What to do if tariffs make car insurance more expensive



Myles Ma

Myles Ma

Senior Managing Editor

Myles Ma is a health care expert & personal finance writer for Policygenius. He edits the Easy Money newsletter.

Published July 19, 2018|3 min read

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A White House proposal to raise taxes by up to 25% on imported auto parts would lead to higher costs for auto repairs and auto insurance, representatives from the insurance industry say.

The Trump administration is investigating whether auto imports are a national security threat and considering raising tariffs on foreign cars and parts. This will hurt consumers, said the American Insurance Association, the National Association of Mutual Insurance Companies (NAMIC) and the Property Casualty Insurers Association of America (PCIAA) in a joint comment on the proposal.

How will tariffs affect your wallet?

About 60% of auto parts used in the U.S., whether for repair or assembly, are imported, based on industry estimates. Insurers estimate a 25% tariff would increase the cost of auto repair claims by 2.7%.

This increase could lead to personal auto insurance premiums rising by $3.4 billion, insurers estimate.

There aren't always domestic alternatives for imported auto parts, said Robert Passmore, assistant vice president of personal lines policy for PCIAA. Automakers build parts specifically for specific cars.

They can't just flip a switch and start making parts in the U.S., Passmore said. Even companies that assemble automobiles in the U.S. often source parts from other countries.

"You have to go through the whole process and set up manufacturing somewhere else," he said.

Tariffs could lead "hundreds, if not thousands," of insurers to request rate increases, the insurance groups said. Higher prices for parts will increase the likelihood that a vehicle is declared a total loss, which could also lead to more costs for consumers.

Even thefts could increase because of more expensive parts, the insurance groups said.

"Motor vehicle theft rates could rise, as many stolen vehicles are sold for their parts," they said.

The Commerce Department expects to analyze the potential impact of the tariffs and report to the White House within a couple of months, Reuters reported.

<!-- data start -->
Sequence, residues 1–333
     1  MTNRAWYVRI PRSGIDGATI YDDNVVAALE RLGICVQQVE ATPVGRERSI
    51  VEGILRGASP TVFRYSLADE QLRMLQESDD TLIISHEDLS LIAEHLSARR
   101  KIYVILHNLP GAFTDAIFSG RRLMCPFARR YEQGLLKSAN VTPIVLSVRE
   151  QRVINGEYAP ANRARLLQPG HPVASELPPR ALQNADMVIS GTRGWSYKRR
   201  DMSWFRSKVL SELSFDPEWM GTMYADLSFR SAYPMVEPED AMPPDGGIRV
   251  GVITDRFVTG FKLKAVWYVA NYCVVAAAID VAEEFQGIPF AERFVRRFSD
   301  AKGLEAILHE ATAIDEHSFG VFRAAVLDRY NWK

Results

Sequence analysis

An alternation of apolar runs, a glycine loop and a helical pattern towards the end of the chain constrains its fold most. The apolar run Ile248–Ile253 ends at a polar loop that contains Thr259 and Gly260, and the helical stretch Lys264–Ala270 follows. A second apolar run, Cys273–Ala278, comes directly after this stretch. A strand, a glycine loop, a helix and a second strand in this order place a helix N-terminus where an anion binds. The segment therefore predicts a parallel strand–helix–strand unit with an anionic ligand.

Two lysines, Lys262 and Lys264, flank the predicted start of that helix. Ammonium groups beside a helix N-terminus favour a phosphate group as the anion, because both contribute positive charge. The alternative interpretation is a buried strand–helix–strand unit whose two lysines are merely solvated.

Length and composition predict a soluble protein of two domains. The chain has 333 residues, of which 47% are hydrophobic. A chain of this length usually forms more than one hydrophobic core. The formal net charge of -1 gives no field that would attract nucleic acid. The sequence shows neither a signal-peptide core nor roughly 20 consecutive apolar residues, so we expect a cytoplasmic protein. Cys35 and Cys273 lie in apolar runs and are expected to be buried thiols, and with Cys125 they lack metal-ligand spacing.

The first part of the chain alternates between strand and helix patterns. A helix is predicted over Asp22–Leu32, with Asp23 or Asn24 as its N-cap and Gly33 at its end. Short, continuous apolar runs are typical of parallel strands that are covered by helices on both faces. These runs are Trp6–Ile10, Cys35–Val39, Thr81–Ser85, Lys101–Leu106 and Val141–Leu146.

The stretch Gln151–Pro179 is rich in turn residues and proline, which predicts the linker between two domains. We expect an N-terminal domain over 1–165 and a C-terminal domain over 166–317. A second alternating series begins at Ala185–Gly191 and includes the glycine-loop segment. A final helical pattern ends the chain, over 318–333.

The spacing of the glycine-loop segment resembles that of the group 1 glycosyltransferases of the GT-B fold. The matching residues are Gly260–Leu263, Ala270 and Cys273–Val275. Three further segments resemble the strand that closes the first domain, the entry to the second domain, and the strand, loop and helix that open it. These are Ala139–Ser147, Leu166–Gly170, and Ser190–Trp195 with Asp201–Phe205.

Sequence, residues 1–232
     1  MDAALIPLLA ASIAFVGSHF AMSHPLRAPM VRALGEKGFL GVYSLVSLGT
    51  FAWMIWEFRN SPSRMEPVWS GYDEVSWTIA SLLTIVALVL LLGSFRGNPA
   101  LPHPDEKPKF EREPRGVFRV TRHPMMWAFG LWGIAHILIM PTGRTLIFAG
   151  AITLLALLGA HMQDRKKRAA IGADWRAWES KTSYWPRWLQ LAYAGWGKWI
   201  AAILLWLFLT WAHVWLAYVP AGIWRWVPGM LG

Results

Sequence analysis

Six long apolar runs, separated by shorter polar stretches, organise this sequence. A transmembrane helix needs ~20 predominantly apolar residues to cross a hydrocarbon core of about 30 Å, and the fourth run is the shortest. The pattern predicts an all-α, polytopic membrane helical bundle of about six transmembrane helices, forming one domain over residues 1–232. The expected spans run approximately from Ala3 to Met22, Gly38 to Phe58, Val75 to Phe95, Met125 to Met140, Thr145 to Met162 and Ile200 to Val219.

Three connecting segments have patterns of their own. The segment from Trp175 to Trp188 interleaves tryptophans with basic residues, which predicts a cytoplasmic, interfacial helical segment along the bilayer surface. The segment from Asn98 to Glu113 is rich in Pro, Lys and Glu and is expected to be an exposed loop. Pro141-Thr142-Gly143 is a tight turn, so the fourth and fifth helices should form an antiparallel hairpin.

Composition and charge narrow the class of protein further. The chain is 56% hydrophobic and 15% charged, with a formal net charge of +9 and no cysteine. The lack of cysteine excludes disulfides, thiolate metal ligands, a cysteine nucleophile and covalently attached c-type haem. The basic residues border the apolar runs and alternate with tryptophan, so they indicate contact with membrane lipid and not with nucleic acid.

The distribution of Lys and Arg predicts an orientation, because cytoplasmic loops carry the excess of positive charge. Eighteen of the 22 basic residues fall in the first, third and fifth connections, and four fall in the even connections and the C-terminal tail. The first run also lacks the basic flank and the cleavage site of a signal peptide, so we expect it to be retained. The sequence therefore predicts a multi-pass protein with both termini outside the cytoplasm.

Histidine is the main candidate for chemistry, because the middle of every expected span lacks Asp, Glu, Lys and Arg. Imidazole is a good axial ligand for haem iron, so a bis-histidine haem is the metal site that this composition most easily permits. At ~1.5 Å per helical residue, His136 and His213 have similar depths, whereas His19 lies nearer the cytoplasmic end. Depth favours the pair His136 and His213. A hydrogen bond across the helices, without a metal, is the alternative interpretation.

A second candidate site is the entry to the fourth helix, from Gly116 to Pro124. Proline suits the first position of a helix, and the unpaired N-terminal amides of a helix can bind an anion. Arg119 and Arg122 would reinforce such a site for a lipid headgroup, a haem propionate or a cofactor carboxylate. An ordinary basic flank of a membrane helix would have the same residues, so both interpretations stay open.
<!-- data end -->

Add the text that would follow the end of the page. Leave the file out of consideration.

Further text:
How to avoid paying more

Regardless of what happens, there are ways to control auto insurance costs, said Neil Alldredge, senior vice president of corporate affairs for NAMIC. Shopping around is one. (We can help you do compare car insurance quotes.)

"Most states have literally hundreds of insurance companies competing against each other," he said.

Many consumers don't regularly shop for auto insurance and could be missing out on better deals, Alldredge said.

Another way to avoid costly auto repairs: Drive safely. Avoid texting and driving or drinking and driving and other dangerous behaviors.

Talk to your insurer about lowering your deductible, Alldredge said. Your deductible is how much you're expected to pay before your policy pays out. The higher your deductible, the lower you'll pay in premiums.

Just make sure you have enough savings to cover a higher deductible if you end up making a claim.

Buying an American car won't help, since many parts may come from overseas, but the car you drive can affect the price of your insurance. Driving a new $85,000 car will cost more to insure than a 2-year-old $30,000 car, Alldredge said.

In any case, if you've been putting off necessary work on your car, you may not want to put it off much longer.

Wondering why your car insurance went up even without tariffs? It could be for one of these seven reasons.

Image: UberImages

Senior Managing Editor

Myles Ma

Senior Managing Editor

Myles Ma is a health care expert & personal finance writer for Policygenius. He edits the Easy Money newsletter.